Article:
Segmentation. So important in theory, such a shag in reality.

I think I first started getting my head round segmentation about 37 years ago, maybe 36, when I was a creative group head looking after the Co-op’s food retail business.  The stores were pretty grim, and to be honest so were our ads, but our senior client Barry Silverman was probably the closest thing to a mentor that I’ve had in this business, and segmentation was a big theme of his mentoring.

Because of the nature of his organisation, his approach was largely product-driven, not consumer-driven –  basically he’d segmented his food outlets into three, superstores, supermarkets and corner shops, and segmented their propositions and communications on the basis of the needs that each met (respectively, main shop for car users, main shop for non-car users, and secondary or top-up shop)..

This was basic stuff, but it still reflects an approach that’s fairly uncommon in large parts of retail financial services today.  Well schooled by Barry, I can remember when I moved into the financial services world how troubled and surprised I was by the usual practice when promoting products to end-consumer and intermediary target audiences:  to the end-consumer we said “You’ll love this top-performing fund,” and to the intermediaries we said “Your clients will love this top-performing fund.”   This is search-and-replace segmentation, not the real thing at all.  Although I don’t actually think we have search and replace in those days.

This particular approach is less common these days even if only because there are fewer propositions targeted simultaneously to end-consumers and intermediaries, but nevertheless our approach to segmenting markets and targeting propositions to different segments is still rudimentary in the extreme.  Quite often we start well, observing that a number of segments with different needs and attitudes exist.  But, all too often, having recognised this, we decide there’s no way (or no cost-effective way) to identify, prioritise and target any of them, so we need an approach that speaks to them all at once.  (That’s how, as I’ve said before in this blog, a few years ago I found myself writing a mailing about Child Trust Funds to customers of a Big 4 bank that began “Whether you have children or grandchildren, or don’t have children at all…”.)

This failure to segment and target has a devastating effect on our ability to involve and engage.  Our propositions and communications could be incredibly much more powerful if we could develop them with real insight into the way people are – or, rather, the way some people are.

(And, by the way, at risk of stating the obvious, segmentation isn’t just about offering and saying different things to different people – it’s also about deciding which segments to address, and which to ignore.  A proposition which excites a quarter of your market can be massively more successful than one greeted with a yawn by all of them.)

I don’t suppose many people would disagree with much of what I’ve written here – and for once, by way of additional firepower, I even have the regulator on my side.  The FCA may not be much concerned about marketing effectiveness, but it is very concerned about people understanding things.  As a result, it more or less demands that we segment our markets so we can address them in terms they find comprehensible, but much of the time we seem to ignore this demand.)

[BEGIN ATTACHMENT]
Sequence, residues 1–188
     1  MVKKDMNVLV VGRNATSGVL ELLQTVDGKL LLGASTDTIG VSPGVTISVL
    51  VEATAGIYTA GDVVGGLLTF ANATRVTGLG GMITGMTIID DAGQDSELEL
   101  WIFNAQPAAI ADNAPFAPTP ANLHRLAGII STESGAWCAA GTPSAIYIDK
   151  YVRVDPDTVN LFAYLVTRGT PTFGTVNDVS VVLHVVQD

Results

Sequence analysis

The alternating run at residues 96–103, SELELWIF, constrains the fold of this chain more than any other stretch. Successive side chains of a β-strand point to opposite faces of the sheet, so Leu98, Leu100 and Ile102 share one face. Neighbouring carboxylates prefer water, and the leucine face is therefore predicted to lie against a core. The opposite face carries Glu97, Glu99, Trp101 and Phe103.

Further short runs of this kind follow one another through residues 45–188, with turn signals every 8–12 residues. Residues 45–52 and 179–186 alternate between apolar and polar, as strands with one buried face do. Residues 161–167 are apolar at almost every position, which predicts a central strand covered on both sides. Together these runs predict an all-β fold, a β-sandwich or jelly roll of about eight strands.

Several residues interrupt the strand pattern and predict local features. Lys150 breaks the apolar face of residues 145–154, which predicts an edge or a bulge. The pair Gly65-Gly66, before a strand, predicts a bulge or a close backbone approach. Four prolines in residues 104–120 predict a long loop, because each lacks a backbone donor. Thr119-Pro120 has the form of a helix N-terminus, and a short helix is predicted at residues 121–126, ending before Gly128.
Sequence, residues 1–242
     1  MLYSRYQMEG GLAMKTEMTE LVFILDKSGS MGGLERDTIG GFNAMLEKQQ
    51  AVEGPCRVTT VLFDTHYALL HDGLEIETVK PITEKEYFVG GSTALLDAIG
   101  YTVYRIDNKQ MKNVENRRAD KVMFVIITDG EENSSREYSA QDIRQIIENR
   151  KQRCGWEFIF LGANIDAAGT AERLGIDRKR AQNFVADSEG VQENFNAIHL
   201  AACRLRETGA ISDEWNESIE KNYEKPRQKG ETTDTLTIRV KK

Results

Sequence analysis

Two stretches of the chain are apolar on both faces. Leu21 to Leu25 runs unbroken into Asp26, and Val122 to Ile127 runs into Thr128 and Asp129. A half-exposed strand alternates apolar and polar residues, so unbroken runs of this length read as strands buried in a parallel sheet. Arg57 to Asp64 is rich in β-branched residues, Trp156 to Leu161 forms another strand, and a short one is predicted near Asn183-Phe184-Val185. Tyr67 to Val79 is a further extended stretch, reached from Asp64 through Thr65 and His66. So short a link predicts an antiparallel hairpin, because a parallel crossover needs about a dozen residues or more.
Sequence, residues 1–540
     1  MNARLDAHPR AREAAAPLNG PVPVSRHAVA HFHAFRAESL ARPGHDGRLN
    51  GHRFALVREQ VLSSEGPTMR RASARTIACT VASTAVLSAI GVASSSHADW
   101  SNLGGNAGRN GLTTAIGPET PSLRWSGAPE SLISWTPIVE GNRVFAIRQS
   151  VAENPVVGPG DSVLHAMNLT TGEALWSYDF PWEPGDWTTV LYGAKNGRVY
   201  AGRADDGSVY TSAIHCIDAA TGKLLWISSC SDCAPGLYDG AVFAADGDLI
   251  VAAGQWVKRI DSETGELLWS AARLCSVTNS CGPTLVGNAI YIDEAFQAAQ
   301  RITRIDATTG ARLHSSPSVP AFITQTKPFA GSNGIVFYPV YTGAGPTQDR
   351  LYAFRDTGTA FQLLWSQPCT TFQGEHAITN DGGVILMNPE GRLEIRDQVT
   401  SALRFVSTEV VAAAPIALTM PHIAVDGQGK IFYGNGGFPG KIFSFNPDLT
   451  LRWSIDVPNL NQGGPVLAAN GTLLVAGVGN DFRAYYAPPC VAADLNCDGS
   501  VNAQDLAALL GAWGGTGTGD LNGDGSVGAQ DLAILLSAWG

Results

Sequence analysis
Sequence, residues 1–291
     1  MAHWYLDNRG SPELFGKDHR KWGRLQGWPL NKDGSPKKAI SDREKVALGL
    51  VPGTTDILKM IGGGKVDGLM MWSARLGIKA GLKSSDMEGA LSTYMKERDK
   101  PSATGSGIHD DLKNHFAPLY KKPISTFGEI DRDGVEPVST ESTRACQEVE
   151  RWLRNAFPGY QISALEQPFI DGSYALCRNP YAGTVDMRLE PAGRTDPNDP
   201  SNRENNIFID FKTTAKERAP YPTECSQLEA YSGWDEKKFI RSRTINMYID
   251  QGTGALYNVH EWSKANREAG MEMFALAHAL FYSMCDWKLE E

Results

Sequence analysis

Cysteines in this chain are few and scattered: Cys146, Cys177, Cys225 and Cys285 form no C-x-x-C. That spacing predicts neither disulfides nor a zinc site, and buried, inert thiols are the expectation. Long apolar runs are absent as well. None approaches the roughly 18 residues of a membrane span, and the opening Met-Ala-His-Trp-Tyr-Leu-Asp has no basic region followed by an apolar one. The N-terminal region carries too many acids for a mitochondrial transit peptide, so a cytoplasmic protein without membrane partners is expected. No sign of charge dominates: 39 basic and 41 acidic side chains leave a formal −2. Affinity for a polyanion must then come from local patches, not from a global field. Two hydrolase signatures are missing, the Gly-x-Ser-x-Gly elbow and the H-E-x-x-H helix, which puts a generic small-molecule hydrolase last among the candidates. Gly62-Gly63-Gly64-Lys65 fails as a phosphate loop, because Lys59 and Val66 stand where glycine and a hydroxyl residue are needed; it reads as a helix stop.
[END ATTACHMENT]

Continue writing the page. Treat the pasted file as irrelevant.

So what’s going on?  To take a couple of big current examples, why is it that neither the Pensions Freedoms of the last couple of years, or the coming of PSD2 in the last few weeks, seem to have sparked off the kind of highly segmented, highly targeted activity most likely to deliver results?

I think there are two key issues. The first is a largely emotional problem with the whole business.  Segmentation involves a lot of extra work and ultimately extra expense to make life more complicated and/or to make our target markets a lot smaller.  These both feel like un-smart things to do.  If we can keep it nice and general and generic, we can generate business from everyone.  Our slice of the cake may be a little smaller than it could be, but just look at the size of the cake!

The other issue is that for all the data revolution that we’re living through at the moment, our ability to access and use the data we need at the one-to-one level is still very limited.  That bank I mentioned earlier can’t tell, or at least not with certainty, which of its customers have children, or if so how many, or if so how old they are.  It may know whether some of its customers have children, but targeting its Child Trust Fund activity only on them seems like a missed opportunity.  On the whole, it looks like a better bet to target the campaign very broadly – and to begin the letter with that cringe-worthy first sentence I quoted earlier.

I expect it was Barry Silverman who told me all those years ago that the secret of all good marketing – and, even more so, of all good copywriting – is to do what you’re doing with a clear and full picture of just one single individual in your mind.  Not far off 40 years later, we’re still spending most of our time with our heads full of hazy, ill-understood crowds..

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